Yesterday’s victory over Turkey (and Russia’s defeat in Belgrade) meant that the Hungarian national football team emerged as winner of Group B3 in UEFA Nations League and took the chance to step up and clash with Europe’s best teams in the next edition. This is a remarkable success that nearly matches the recent Euro qualification.
It has been a weird or rather creepy experience to see Hungary’s huge and shiny Puskás Aréna with not one fan in the stands, in a game that could probably easily sell out the stadium, since both sides were in for promotion. The pandemic situation and the government’s stricter regulations taking effect last week, however, made the presence of fans unfortunately impossible.
The national eleven, on the other hand, did not appear to be moved by the loneliness, and although missing its highest ranked players (Szoboszlai, Orbán, Gulácsi, Sallai, and Ádám Szalai), its well-organized playing conducted this time by former star Zoltán Gera, after coach Marco Rossi’s positive coronavirus test last week, peaked in two goals. Adding to the piquancy, the second goal was scored by young talent Kevin Varga, who otherwise plays for Turkish side Kasımpaşa SK. In the other Group B3 tie, Serbia, rushing to escape relegation, hammered Russia (5-0). This eventually helped Hungary for the top of the group and pushed Turkey into relegation. To understand how balanced this group was and after 5 matches, how open the fight was until the very end: a Turkish victory would have meant that they finish first and qualify for the A-league, but in the end they went down to C.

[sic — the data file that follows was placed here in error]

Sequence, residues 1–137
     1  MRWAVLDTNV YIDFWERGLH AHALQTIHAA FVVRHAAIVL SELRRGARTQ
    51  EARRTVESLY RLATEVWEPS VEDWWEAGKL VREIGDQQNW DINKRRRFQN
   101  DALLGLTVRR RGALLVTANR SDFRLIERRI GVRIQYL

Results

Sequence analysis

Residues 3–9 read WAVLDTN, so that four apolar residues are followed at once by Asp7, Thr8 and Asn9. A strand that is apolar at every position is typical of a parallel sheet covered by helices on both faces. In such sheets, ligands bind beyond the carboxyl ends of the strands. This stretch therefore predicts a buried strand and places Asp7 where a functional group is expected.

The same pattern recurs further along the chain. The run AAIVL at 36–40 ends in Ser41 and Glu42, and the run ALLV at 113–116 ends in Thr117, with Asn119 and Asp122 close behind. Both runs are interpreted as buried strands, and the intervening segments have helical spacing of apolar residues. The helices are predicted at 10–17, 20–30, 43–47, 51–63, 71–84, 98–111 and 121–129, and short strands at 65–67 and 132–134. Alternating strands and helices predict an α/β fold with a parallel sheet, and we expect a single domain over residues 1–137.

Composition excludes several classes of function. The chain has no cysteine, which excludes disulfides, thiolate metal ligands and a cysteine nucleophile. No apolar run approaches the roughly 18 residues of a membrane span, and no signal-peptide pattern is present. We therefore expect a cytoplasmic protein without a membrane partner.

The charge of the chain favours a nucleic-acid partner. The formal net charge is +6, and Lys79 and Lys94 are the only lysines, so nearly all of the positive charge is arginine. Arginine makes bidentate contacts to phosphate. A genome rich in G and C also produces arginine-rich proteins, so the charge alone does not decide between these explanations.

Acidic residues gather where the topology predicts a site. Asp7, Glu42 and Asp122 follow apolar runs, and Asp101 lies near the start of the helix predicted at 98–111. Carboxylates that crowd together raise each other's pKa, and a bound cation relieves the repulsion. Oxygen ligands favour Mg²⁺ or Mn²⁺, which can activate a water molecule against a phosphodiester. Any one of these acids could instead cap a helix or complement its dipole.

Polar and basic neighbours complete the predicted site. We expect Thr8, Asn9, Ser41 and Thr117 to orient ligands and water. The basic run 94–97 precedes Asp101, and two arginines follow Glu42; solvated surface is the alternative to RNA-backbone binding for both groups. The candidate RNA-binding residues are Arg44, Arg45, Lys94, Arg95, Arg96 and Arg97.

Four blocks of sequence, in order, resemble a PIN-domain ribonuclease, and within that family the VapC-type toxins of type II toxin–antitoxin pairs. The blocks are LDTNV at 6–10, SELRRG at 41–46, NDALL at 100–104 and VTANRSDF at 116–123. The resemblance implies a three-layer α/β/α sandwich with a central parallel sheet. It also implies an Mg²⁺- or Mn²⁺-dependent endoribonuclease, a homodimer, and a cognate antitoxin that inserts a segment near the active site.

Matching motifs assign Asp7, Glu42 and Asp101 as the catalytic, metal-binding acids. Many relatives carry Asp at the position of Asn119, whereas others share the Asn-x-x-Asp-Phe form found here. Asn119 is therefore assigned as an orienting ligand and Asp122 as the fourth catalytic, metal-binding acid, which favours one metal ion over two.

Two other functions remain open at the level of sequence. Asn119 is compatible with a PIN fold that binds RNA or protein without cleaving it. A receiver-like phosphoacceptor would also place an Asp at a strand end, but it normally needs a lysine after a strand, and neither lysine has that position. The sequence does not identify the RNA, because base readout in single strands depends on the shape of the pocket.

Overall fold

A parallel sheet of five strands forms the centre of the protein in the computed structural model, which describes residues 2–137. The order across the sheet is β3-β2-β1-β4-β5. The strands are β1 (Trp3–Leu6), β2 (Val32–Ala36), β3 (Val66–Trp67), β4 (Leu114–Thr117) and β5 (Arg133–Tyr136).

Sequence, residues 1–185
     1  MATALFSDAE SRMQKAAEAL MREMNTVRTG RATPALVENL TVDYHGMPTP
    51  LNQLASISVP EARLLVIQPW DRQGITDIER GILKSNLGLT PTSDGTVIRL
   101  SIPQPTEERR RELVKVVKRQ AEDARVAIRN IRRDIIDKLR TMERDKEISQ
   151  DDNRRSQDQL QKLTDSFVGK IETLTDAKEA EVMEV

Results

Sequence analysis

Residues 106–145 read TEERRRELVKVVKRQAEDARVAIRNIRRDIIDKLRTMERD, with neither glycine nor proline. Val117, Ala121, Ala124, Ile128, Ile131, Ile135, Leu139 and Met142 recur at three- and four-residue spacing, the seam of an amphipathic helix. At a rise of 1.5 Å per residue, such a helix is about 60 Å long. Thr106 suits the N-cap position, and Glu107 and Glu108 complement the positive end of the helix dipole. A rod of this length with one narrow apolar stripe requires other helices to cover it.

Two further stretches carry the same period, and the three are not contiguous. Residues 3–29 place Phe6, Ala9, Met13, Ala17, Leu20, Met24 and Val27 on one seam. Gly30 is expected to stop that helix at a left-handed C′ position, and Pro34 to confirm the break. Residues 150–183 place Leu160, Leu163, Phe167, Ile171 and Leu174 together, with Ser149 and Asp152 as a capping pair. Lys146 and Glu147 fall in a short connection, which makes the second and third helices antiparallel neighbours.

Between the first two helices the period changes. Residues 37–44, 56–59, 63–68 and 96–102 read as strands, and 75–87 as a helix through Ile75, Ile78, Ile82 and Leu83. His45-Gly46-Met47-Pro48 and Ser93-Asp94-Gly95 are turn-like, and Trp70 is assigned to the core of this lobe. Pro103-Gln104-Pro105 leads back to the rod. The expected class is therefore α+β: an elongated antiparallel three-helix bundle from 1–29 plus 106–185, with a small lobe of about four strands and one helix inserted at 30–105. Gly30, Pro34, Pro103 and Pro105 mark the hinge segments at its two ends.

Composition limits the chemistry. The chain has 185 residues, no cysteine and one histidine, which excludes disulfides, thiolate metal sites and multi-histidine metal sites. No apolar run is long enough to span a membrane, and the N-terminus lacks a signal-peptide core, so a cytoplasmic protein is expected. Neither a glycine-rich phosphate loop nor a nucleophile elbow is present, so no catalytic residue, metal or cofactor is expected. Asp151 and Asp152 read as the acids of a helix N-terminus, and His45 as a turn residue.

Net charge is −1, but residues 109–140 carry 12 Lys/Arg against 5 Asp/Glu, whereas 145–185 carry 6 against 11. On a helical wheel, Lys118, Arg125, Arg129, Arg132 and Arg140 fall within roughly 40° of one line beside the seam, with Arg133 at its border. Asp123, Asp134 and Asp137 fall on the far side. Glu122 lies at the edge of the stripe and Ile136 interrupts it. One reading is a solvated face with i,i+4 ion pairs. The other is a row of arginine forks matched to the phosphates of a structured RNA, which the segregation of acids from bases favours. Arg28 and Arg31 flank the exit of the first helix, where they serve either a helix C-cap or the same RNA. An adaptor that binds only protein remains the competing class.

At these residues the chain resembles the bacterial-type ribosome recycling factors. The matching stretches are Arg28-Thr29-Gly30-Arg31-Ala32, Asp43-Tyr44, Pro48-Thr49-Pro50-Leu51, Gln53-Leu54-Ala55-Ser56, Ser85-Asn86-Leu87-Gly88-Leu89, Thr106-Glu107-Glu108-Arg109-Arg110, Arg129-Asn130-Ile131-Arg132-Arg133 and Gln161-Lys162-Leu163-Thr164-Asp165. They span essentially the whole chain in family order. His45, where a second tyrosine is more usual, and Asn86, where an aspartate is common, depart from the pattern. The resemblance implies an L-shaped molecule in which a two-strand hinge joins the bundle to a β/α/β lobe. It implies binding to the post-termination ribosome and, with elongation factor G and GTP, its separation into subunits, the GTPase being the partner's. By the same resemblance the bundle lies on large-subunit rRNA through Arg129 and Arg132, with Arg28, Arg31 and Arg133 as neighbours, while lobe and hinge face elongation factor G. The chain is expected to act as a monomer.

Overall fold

After that, last Thursday, Hungary managed to cut their way through to the upcoming European Championships (that Budapest, by the way, co-hosts) in a heroic battle against Iceland, this latest victory means that Hungary made their way among Europe’s sixteen best teams, awaiting draws with the likes of Spain, England, France, or Italy in Nations League’s next edition.
Goal scorers Kevin Varga and Dávid Sigér.
Hungary also secured its spot in Pot 3 in 2022’s World Cup qualification draw, to be held in December. Would they fail to qualify or earn a spot in the play-off in the normal qualification route, the 1st place of this Nation’s League group could be enough to book them a spot in WC’s qualification play-off too, as NL delegates two teams to join ten others (coming from the traditional qualification) to fight for the three remaining spots.
Moreover, a spot in the 2024 EC’s play-off is also almost guaranteed (if needed) too.
images by Tibor Illyés/MTI